Escape from Happy Valley
by Bryan R. Monte

All the art of living lies in a fine mingling
of letting go and holding on.

—Henry Havelock Ellis

Oh, Marie, I should have grabbed
your skinny arm as you picked
at your chips with a pinched face
the days I passed the Cougar Eat
on my way to German class
on the other side of campus.
I should have looked into your big,
sad, dark, raccoon-mascaraed eyes
and said: “Mangiare, bambino.
Forget about those five extra pounds
the cameras put on. They’re going
to lose all your money anyway.”

I didn’t know that then, but what I did
was that I barely registered with
the tall, handsome, red-haired guy
his freckled face unmistakable
from a five-year TV series
and a Tom Sawyer film
who ate dinner with my blonde,
bright, kind, friend, Mary Beth
in the Cannon Center cafeteria.
I tried not to look up too much
to hide how gladly I would have
climbed aboard his raft
or helped whitewash his fence
as he talked about how much
he enjoyed filming in Missouri
(Mary Beth’s home state)
and looked forward to his mission.
I didn’t say much that meal, afraid
I’d call him “Jodie” and not “Johnny”
and wreck their date before it started,
even though I knew before they left,
for wherever it was they went,
that Mary Beth never had a chance
coming from an “apostate” commune.

And up in the gay bars in Salt Lake
all three of them, I ran into Paul
(centre box “Hollywood Squares”)
both of us regularly tossed out
Paul, for getting too loud
me, for being just twenty.
“Don’t you know who I am?” he’d shout
as the bouncer poured him into
his long, black, Cadillac limo
alone or with a “friend”
in a town where two men just holding hands
could get busted for lewd behaviour
by the cops right outside the front door
constantly combing the parking lot,
copying down license plate numbers
and writing tickets for broken taillights.

It was here I first discovered
the special treatment
enjoyed by Mormon royalty
and their film-star friends
who lived far above the rigid grid
of streets in the centre of town
on winding roads in hillside homes
and back-canyon, eight-bedroom “cabins”
who inherited get-out-of-jail passes
which came in handy the morning
the prize-winning professor’s
eighteen-year-old daughter
showed up on my dorm doorstep
on a weekday when women weren’t
allowed past the front desk.
After two attempts to squeeze her
back outside through my ground-floor window
we took the walk of shame together
past Sister Jensen’s office
who came out yelling until she heard
the “young woman’s” name
then quickly sent everyone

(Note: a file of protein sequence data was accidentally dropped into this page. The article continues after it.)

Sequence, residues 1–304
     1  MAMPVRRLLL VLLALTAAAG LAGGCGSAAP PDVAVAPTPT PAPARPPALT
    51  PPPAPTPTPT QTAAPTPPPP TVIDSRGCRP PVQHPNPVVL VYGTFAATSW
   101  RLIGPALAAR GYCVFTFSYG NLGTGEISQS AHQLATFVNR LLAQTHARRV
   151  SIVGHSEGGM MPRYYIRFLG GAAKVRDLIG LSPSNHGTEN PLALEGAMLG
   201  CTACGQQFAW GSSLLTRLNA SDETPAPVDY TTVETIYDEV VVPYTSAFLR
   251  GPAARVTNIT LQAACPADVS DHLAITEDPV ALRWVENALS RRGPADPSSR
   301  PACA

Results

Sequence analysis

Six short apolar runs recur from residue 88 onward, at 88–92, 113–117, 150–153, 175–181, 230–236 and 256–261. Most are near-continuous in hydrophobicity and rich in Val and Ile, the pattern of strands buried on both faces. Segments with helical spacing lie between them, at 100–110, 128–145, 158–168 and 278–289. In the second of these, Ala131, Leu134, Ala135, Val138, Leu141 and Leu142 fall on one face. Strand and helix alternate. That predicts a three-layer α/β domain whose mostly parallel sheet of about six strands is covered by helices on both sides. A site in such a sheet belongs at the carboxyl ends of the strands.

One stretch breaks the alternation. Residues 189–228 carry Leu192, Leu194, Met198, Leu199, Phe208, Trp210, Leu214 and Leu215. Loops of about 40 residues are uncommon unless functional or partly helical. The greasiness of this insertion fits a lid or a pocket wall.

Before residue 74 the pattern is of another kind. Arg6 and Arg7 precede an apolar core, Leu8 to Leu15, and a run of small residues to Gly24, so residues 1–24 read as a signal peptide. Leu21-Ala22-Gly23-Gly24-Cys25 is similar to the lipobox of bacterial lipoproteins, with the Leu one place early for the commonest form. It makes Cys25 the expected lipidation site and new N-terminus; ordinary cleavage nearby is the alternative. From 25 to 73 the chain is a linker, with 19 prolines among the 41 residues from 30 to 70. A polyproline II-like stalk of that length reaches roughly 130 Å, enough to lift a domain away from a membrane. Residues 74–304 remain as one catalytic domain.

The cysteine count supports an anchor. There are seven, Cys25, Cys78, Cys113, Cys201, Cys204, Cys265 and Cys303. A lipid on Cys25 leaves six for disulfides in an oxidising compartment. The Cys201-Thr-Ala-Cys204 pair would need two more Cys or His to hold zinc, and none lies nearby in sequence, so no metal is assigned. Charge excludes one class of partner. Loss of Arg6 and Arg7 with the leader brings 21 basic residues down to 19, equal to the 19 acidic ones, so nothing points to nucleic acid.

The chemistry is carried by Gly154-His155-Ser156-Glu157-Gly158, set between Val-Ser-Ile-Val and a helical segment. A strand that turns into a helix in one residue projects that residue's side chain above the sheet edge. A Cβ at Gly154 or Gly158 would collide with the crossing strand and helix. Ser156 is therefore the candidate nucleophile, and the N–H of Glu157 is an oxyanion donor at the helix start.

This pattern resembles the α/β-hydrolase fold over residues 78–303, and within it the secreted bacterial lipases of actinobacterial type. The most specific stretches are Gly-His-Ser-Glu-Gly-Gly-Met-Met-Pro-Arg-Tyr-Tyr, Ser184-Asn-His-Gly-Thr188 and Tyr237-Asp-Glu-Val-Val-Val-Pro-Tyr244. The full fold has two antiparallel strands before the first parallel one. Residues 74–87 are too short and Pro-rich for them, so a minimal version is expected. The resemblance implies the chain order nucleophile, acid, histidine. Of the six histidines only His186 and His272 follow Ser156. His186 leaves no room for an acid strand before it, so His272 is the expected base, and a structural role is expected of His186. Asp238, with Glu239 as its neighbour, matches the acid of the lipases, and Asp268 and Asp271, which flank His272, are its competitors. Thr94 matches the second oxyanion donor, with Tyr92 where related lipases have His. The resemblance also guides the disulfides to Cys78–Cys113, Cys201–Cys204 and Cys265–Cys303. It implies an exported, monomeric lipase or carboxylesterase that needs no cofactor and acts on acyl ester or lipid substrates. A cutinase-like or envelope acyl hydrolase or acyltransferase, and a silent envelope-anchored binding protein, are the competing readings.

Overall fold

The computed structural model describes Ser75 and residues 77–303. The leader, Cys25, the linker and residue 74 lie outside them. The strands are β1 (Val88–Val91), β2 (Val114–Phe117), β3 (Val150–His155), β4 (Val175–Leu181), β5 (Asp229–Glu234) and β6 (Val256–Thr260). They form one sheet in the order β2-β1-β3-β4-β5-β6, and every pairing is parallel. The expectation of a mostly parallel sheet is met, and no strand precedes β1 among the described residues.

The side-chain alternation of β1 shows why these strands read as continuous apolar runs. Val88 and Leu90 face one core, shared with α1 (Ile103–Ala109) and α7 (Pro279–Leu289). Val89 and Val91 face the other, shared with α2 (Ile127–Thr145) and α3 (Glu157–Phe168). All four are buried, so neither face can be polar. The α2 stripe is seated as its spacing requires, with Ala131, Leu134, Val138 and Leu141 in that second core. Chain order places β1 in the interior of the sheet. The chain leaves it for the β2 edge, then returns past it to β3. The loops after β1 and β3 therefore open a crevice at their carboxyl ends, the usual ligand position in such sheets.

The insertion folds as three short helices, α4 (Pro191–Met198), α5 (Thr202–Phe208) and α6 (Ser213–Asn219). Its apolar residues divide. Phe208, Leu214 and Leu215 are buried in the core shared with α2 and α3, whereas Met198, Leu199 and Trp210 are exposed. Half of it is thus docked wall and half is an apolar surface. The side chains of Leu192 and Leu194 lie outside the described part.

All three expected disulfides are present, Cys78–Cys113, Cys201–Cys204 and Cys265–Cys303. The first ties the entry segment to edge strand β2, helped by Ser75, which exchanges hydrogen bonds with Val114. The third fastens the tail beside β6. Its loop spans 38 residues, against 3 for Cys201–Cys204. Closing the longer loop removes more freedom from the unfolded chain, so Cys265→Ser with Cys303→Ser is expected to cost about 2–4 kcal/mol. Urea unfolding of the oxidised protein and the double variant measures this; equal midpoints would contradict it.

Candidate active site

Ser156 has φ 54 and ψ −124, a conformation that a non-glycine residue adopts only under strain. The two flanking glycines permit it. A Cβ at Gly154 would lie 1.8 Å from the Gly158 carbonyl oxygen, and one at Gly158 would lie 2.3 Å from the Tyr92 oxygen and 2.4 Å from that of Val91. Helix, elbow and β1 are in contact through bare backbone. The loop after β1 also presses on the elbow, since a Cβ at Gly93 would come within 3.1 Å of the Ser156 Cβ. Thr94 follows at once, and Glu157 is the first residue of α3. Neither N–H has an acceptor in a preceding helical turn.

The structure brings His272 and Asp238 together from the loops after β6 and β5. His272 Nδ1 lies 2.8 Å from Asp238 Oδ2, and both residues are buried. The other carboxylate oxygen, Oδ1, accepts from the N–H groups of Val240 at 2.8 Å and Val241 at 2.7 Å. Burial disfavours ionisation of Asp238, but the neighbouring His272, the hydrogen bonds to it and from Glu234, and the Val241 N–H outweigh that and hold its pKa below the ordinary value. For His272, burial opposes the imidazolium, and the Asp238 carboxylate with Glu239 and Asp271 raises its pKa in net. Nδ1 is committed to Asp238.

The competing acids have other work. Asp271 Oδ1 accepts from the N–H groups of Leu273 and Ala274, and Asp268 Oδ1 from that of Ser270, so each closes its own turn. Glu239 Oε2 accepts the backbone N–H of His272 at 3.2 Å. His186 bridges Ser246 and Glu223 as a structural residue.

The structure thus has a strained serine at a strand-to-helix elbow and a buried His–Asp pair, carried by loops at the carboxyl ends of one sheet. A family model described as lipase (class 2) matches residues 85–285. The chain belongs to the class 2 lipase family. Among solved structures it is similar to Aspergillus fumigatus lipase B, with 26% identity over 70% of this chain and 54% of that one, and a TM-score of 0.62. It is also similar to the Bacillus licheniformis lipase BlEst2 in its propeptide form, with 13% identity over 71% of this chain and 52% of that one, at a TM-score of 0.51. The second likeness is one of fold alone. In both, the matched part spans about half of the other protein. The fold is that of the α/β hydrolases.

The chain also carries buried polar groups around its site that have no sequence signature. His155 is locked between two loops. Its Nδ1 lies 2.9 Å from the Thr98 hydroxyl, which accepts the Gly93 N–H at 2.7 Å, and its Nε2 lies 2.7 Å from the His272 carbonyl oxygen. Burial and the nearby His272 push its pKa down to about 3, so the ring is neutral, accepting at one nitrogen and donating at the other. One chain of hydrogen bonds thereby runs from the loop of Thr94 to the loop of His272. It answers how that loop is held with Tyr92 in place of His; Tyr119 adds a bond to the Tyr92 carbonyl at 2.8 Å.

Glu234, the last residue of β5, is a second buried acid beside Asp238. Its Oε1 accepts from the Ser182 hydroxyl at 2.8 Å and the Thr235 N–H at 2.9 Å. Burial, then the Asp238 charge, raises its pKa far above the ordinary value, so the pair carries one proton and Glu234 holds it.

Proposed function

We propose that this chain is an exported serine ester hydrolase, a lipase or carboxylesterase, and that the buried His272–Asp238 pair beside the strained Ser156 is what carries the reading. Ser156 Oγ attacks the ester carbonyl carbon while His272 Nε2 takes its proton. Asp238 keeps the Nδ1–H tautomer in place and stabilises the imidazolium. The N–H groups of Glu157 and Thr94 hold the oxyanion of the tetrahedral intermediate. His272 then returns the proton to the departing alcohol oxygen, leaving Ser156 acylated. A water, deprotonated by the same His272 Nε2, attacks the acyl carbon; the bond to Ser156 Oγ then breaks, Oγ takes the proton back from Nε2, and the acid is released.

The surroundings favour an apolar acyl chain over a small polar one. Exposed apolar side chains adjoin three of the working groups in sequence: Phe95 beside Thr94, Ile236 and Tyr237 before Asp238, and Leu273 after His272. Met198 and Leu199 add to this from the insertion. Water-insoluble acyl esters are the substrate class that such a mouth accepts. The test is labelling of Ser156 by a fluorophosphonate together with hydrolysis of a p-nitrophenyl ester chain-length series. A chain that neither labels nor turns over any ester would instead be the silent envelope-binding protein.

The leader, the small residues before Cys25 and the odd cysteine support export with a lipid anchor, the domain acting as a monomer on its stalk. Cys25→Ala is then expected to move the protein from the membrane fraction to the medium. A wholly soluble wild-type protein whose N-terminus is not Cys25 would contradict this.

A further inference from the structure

back to their rooms.

A week later, the “young woman”
and I took Greyhound to Salt Lake
to hear Dvorak’s Te Deum
in the silver-domed Tabernacle.
How we laughed at the pink spotlight
splashed on the white rounded ceiling
above the tall, thin, gold organ pipes
for the first movement’s female soloist
which suddenly changed to blue
for the male soloist in the second.
How her eyes widened
as I hummed or sang along softly
having performed the same piece
back East with a choir at college.
When it was over, we met her father
waiting just outside Temple Square
in a big, black Lincoln Continental.
(She must have phoned at the interval).

On the way back to Provo
we didn’t say much, but laughed
about the pink and blue lights
and all the room in the backseat.
I thought: we could make
beautiful children together,
even though she thought she was bi-
(as most people are according to Freud)
and I, a 6 on the Kinsey scale, (certainly gay),
perhaps with some help from friends.

She promised she’d come visit me
in Europe on my RLDS “mission”
I was in Hanover; we’d meet in Paris.
Four months and as many letters
and not a word. Finally I received
a one paragraph with a line saying:
“I’m not well enough to travel.”
Twenty-eight years later I found her
via Internet, teaching at university.
I published one of her poems, visited
and invited her to my magazine’s
annual, autumn Amsterdam reading.
She e-mailed me the month before
“I’ll be there no matter what.”
But the day arrived, and she didn’t;
this time with no explanation.

I regret when I didn’t stop
and when I did, when I spoke up
and when I didn’t, when I went out
and when I stayed in, when I got in
and when I walked the many miles back
home alone, more frightened than wise
immune to the usual addictions:
food, alcohol, cocaine, heroine;
religious sects—my only crutch
(which I’m finally throwing away
now that I’m chronically sick)
but well enough, I hope, as all of you,
(although it’s too late for Paul)
to finally escape from Happy Valley.